Load Forecasting Model was developed for hourly and daily forecasting for the Laclede Gas Company, a large distribution company in the St. Louis area. The load is concentrated and largely weather-sensitive. Various methods and weather factors were evaluated using a Multi-Linear Stepwise Program on a digital computer. The equation that was selected included temperature, change in temperature, wind, radiation, and ground temperature. Other than temperature, the ground temperature had the greatest effect on the load. Essentially, the day is broken down into six periods and then into hourly amounts based on percentages of these periods.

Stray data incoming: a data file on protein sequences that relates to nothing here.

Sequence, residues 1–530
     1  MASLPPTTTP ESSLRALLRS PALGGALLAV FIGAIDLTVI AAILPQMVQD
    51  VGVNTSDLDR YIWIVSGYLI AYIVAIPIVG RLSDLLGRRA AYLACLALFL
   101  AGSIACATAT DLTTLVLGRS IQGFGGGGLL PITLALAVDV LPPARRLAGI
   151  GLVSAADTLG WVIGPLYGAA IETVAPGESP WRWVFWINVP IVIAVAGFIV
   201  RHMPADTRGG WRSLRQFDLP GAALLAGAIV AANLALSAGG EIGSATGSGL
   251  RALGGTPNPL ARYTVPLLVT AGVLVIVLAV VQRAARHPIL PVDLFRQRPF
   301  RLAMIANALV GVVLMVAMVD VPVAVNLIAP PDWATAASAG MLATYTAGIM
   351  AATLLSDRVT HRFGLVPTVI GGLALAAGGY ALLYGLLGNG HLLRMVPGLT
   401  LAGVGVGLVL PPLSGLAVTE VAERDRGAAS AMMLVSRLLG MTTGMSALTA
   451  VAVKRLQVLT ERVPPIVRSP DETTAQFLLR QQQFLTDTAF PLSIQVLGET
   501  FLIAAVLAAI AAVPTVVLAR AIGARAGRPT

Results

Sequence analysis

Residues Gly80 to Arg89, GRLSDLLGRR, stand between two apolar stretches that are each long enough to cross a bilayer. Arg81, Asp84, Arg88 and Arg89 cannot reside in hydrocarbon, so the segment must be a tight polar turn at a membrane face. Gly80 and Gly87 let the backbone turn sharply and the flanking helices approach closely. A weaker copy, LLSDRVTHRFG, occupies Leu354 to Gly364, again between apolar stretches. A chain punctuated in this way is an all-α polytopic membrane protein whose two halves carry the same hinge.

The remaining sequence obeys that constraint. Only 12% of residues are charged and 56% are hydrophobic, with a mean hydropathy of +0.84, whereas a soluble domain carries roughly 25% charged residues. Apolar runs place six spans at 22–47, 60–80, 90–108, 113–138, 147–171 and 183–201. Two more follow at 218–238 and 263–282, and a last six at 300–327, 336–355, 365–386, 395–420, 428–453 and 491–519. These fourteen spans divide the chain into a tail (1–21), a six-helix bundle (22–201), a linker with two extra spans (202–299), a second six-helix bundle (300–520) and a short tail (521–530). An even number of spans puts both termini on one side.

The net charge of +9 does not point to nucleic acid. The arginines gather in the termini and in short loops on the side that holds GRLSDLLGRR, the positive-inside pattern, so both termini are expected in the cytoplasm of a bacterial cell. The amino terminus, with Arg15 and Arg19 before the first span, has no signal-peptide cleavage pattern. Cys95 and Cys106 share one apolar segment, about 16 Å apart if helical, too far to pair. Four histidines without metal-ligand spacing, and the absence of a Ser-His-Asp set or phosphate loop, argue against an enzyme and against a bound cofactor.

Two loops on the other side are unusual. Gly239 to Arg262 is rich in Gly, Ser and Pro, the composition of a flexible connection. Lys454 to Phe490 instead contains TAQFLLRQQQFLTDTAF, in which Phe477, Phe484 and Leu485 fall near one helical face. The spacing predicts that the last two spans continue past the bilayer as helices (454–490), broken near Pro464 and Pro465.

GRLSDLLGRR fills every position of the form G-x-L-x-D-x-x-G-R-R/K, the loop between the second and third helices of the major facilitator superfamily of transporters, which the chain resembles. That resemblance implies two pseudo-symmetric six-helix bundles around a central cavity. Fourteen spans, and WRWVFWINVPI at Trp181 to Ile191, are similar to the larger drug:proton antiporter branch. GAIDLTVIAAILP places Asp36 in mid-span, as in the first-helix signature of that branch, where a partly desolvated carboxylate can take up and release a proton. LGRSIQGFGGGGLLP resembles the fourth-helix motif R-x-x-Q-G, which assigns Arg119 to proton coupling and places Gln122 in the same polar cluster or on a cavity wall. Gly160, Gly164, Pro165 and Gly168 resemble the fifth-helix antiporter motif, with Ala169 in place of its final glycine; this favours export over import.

The Laclede Gas Company is a gas distribution utility serving approximately 500,000 customers mostly in the St. Louis area. The system load is extremely weather sensitive and weather is very changeable from hour to hour and day to day. The average daily temperature ranges from below zero (0°F.) in the winter to above 90°F in the summer. This results in much load variation from hour to hour and day to day during the winter. The daily load varies from about 1200 MMCF on a peak day to below 100 MMCF on a summer day. (Figure I). In the early "fifties" the load was fairly flat; very little peak shaving was required and the natural gas pipeline adequately supplied the load. As more residential customers were added, the pipeline supply reached its limit. The low load factor, brought about by the predominantly weather sensitive load and the lack of significant base load, made pipeline gas prohibitively expensive under the demand and commodity rate schedule. Peak shaving means available at this time; above ground holder stations, propane-air and manufactured gas plants could not be economically expanded to meet the needs. Various means of alternate supplies were investigated and a natural gas underground storage field was selected as the most practical solution. Gas could be injected on days when the load was less than the contract demand quantity and withdrawn on days when the load exceeded the contract demand. An aquifer storage field near the service area vas discovered and successfully tested. Through the years, it was expanded to its maximum and then a propane cavern vas also constructed and a pipeline connected to the product lines for a supply. With the use of this storage field for a supply and the expansion of propane supplies, the pipeline currently supplies about fifty percent of a peak day. Re-injection during off peak loads has increased the amount of days that the contract demand pipeline gas can be utilized from about 14 days to over one hundred and twenty days during a normal weather beating season. With all these changes, the problem of scheduling the various sources of supply has become much more complex. Hourly, daily and winter season capacities, pipeline daily overrun penalty charges and hourly limitations, and the different costs of the types of peak shaving supplies make efficient scheduling and control mandatory. (Figure II).